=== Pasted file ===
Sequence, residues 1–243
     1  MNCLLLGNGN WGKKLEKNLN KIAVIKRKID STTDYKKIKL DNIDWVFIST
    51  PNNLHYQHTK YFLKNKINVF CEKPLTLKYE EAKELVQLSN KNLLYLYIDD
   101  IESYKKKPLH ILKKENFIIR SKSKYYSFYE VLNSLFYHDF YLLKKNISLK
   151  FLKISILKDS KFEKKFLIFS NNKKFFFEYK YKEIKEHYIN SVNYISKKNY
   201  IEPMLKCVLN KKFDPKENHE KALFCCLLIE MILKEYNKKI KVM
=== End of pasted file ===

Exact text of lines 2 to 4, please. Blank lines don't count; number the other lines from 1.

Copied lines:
     1  MNCLLLGNGN WGKKLEKNLN KIAVIKRKID STTDYKKIKL DNIDWVFIST
    51  PNNLHYQHTK YFLKNKINVF CEKPLTLKYE EAKELVQLSN KNLLYLYIDD
   101  IESYKKKPLH ILKKENFIIR SKSKYYSFYE VLNSLFYHDF YLLKKNISLK